Part I: Democratic Theory and Political Development in East Asia

Chapter 3: The Contradictions of Western Liberal Democracy

I. Democracy, Liberalism, and Political Elites

II. Athenian Democracy and the Democratic Ideal

III. The Rise of Modern Liberalism and Republicanism

IV. The Rise of Modern Democratic Sentiments and the Struggle over Universal Voting Rights

V. Democratic Theory and the Problem of Political Elites

VI. Athenian Direct Democracy and Modern Democracy

VII. Contemporary Theory of Liberal Democracy and Political Elites

VIII. Critical Theories of Democracy

Participatory Democracy

Social Democracy

IX. The Individual and the Community

X. National Democracy, Imperialism, Hegemony, and the International System

 

I. Democracy, Liberalism, Capitalism, and Political Elites

Democracy is widely accepted as an overarching political ideal in the West, and is increasingly gaining similar acceptance in the rest of the world. Yet most people are vague about what democracy actually is. If you asked the man on the street what democracy is you might get several different responses, which would reflect different and even conflicting ideas about what constitutes a real democracy. Some might say a democratic system is one that has elections. Others might say that democracy protects individual rights. Another response might be that a democratic government takes good care of its citizens. Still others might say that a democratic government reflects the will of the people.

Democracy is truly a protean concept, hard to pin down in one or two simple notions. But much of the lack of clarity about democracy stems from contradictory notions that have huddled under the rubric of democracy. Modern democratic theory is a synthesis of many ideas, drawing particularly from two strands of thought--liberalism and popular, direct, or participatory democracy. Hence the term "liberal democracy" which is used by political scientists to describe the form of democracy prevalent in western polities and gaining adherents throughout the world.

But "liberal democracy" is an uneasy amalgamation of different political theories with different social and political origins. The term liberalism comes from the root word liberty. Liberalism itself has different variations of meaning reflecting different political philosophies. Liberalism has been used to describe a wide variety of political and economic philosophies ranging from those of free market economists like Adam Smith through those of advocates of activist government like Senator Kennedy. At the risk of confusing some Americans, many of whom have come to define liberalism as the activist government philosophy of Senator Kennedy, liberalism will be used in this book in its classic sense, as the philosophy that places the highest value on individual freedom, especially the freedom of individuals from economic and social restraints of government.

Classical liberalism emerged in the early modern world as the philosophy of the new middle classes who chafed under the restrictions of the feudalism and sought greater liberty to pursue their economic and social goals outside the constraints of the feudal order. Classical liberalism was the political expression of the Enlightenment philosophy that freed the medieval world from the received wisdom of the past. Commentators ranging from diehard reactionaries through neo-Marxists, including many liberals themselves, have seen liberalism as the philosophy of the capitalist class, as the political expression of the bourgoisie who battled for freedom from the feudal order of Europe and once triumphant in Europe extended their economic and political system around the world.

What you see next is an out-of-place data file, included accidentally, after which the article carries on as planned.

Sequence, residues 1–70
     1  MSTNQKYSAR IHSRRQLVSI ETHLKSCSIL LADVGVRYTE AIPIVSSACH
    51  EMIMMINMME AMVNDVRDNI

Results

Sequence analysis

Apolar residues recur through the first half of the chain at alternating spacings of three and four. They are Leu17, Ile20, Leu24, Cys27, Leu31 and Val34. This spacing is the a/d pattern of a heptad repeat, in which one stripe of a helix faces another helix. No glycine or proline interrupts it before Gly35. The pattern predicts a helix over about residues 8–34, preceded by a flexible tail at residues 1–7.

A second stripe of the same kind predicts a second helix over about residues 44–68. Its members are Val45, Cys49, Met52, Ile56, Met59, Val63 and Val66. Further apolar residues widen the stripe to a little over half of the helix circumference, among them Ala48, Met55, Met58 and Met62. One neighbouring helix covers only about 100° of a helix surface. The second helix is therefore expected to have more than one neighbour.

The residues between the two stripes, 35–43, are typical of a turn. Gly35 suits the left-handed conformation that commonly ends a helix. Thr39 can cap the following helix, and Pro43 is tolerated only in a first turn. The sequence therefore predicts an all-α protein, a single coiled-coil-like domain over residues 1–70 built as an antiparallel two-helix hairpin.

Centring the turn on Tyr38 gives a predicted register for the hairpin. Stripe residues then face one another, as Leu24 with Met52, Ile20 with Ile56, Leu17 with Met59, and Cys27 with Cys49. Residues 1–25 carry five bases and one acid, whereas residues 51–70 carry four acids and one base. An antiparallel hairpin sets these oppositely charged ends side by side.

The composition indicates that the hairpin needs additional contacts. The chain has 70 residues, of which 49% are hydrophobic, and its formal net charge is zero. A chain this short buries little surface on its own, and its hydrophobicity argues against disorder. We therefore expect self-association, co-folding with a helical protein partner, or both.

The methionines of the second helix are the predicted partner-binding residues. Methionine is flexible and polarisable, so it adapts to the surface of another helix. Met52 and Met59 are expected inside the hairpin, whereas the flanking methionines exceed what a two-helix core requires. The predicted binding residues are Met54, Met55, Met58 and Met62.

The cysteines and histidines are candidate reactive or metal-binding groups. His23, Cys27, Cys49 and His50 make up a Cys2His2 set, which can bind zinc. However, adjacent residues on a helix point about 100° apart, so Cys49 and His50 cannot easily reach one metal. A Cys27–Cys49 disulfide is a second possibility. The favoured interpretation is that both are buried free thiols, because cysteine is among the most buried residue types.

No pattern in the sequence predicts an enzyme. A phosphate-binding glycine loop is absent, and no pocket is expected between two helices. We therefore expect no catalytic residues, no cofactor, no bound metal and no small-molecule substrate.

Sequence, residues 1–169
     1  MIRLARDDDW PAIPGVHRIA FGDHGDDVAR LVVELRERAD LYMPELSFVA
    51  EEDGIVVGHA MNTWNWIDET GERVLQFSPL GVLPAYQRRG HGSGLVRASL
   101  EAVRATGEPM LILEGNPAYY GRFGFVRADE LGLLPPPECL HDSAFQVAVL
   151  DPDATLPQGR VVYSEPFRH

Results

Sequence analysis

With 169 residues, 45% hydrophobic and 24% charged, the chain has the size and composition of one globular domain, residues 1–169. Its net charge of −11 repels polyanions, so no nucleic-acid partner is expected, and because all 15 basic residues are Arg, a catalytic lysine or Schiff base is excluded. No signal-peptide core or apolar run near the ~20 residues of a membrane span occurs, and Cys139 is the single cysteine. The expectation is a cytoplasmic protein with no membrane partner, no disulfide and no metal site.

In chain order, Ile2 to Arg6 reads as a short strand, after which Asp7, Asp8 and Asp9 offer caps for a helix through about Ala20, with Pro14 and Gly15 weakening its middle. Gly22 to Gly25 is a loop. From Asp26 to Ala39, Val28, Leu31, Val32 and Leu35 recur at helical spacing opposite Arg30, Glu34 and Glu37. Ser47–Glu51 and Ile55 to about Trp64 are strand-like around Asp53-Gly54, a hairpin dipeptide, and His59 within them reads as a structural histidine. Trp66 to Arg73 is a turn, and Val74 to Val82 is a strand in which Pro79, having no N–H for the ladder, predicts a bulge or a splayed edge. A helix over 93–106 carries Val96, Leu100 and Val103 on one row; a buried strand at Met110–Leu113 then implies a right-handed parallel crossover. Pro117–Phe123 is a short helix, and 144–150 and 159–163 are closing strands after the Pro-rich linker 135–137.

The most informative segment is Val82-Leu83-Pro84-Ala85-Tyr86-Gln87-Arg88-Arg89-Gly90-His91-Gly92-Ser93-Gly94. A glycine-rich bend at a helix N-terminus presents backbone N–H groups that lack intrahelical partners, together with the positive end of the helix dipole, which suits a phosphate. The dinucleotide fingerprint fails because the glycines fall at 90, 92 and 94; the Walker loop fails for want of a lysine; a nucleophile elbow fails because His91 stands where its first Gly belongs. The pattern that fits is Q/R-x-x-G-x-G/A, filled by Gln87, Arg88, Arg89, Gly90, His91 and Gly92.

Democracatic philosophy, on the other hand, is both older and newer than liberalism. The western idea of democracy began with the ancient Greeks, especially the Athenians. Unlike most ancient societies, Athens was ruled not by a political class, but by a popular assembly in which all citizens had equal voice and standing. Athenian democracy eventually died out, but there was a revival of democratic theory in 19th and 20th century as common people sought a voice in voice in modern government and an extension of the freedoms won by the bourgesoisie to the ordinary people.

Modern, western political systems represent a synthesis of liberalism and popular democracy, a compromise between the bourgesois emphasis on individual liberty and ordinary people's desire for mass, popular control of government. These two elements of western political systems exist in a kind of dynamic tension. Liberal democratic western governments take different form based on different resolutions of the conflict between these their liberal and their democratic elements.

Western governments simultaneously affirm both the idea of popular sovereignty, that the people should rule themselves, and the idea that the state should be subservient to the needs of capitalism. Western governments simultaneously preach popular sovereignty and in practice accept elite domination of the political system. Western governments simultaneously proclaim national self determination and demand the subordination of the nation state to needs of the global capitalist system.

 

 

 

The survey of western democratic thought which follows touches lightly on several issues that have been treated in greater depth, detail, and sensitivity by many other scholars. The goal here is just to highlight a few key points in the evolution of western democratic theory, point to some enduring dilemmas democratic theory faces, and make some rough distinctions between different kinds of democratic theory. My purpose is not to exhaustively examine all aspects of these issues, but to prepare the way for more thorough investigation of the theory and practice of government in East Asia and the Pacific.